What Does Overdraft Protection Mean for Your Credit?

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What is Overdraft Protection?

Overdraft protection is a feature offered by banks to keep your checking account from overdrafting when you write a check or swipe your debit card but don't have enough money in your checking account to completely fund the transaction. Overdraft protection links your checking account to a savings account, credit card, or line of credit and uses that account to pay transactions that would have otherwise triggered an overdraft fee.

Without overdraft protection, any transaction exceeding the amount in your checking account would be declined. Your bank would charge you a nonsufficient funds fee and the merchant to whom you presented payment would also charge a fee in addition to the original amount of the transaction.

To use a credit card or line of credit for overdraft protection, your credit history must be good enough to qualify for the credit product. You'll typically need to have a checking account and credit product with the same bank. The exact qualification criteria will vary by bank.

Credit Card and Line of Credit Overdraft Protection

Your credit could be impacted when your overdraft protection is linked to a credit card or line of credit. Some credit card issuers treat these overdraft payments as a cash advance. This makes the overdraft protection more expensive because cash advances often have higher interest rates, no grace period, and a cash advance fee.

You could end up paying just as much, and possibly more, on the cash advance as you would have paid in overdraft fees.

When your overdraft is connected to a line of credit, you risk paying fees on the overdraft if you don't pay the balance before the grace period runs out - if there is a grace period.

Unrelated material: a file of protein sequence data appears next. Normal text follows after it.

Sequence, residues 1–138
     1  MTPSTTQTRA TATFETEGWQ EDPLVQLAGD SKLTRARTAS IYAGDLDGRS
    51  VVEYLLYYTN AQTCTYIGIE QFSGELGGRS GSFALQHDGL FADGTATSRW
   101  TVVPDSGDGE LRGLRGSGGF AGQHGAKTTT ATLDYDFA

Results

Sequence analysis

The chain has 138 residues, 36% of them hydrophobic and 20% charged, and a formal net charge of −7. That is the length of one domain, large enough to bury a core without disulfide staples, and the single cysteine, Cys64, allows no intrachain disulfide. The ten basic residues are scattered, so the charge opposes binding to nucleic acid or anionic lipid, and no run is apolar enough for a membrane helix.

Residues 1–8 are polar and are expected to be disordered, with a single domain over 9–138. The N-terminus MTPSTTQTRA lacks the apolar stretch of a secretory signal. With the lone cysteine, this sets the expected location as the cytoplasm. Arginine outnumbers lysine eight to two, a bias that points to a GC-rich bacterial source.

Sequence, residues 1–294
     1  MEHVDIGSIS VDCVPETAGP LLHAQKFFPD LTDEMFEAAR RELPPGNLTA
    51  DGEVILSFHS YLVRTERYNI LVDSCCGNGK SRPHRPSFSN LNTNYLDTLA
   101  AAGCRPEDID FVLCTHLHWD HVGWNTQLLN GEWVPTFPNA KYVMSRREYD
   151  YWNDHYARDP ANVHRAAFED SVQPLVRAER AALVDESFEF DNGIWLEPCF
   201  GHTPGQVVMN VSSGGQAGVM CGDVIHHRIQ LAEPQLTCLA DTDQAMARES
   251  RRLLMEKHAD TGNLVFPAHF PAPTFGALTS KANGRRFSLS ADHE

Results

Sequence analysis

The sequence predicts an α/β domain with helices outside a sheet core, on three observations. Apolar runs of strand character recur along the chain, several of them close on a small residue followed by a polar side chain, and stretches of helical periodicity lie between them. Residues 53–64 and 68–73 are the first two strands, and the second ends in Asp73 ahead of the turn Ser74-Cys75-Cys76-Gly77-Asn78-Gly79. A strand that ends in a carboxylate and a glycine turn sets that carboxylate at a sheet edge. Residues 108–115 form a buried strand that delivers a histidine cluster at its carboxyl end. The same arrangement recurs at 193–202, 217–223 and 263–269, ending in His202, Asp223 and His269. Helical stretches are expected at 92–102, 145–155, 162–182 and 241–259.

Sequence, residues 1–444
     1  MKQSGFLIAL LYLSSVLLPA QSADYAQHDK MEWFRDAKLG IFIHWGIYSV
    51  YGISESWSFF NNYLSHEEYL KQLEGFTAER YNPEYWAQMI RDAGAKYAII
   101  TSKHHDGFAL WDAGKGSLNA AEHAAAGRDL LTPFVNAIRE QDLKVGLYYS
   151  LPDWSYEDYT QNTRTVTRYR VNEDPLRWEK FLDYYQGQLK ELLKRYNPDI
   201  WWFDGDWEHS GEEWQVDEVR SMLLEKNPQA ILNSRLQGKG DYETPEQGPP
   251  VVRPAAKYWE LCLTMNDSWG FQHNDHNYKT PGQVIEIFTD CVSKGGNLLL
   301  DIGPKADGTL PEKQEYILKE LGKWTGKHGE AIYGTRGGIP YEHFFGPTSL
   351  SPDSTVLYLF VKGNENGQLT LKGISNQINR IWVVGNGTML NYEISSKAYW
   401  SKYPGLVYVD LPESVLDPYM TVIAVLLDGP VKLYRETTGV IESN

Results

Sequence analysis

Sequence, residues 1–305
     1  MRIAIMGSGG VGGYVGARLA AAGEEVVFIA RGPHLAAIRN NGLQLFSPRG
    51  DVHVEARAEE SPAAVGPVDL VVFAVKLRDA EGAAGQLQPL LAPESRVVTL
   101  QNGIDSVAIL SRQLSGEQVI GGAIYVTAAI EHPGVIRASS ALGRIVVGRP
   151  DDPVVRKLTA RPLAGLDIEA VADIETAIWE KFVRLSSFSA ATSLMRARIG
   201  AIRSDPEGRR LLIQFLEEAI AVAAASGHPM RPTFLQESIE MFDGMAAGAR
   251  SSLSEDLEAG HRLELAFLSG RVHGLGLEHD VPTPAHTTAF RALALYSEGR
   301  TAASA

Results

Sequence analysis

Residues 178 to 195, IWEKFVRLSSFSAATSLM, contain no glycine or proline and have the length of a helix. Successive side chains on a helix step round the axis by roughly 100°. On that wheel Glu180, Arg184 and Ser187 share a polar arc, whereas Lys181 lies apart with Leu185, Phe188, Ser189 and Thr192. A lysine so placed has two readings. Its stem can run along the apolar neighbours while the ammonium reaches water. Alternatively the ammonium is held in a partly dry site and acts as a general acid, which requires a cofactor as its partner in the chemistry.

If you already have a balance on your line of credit, the overdraft would just be added to your current balance.

If you don't have enough available credit, you might be charged an overdraft fee anyway.

Impact To Your Credit

The overdraft protection is meant to protect you from the problems that stem from not having enough money in your checking account. However, if you can't afford to clear up the overdraft, you could suffer worse consequences. For example, if your account overdrafts to your credit card and you later miss your credit card payment or default on the credit card, your credit score will be damaged.

Optional Overdraft Protection

Banks now are required to ask you to opt-in or opt-out of overdraft fees. If you opt-out, your bank will transactions that are greater than your checking account balance. Instead, you could be charged a non-sufficient funds fee and you’ll have to take care of the transaction with the merchant. For example, you’ll have to go to the merchant and pay for the check or debit card transaction.

Opting-in to overdraft fees means your bank will process transactions that are greater than your checking account balance and you’ll be charged an overdraft fee.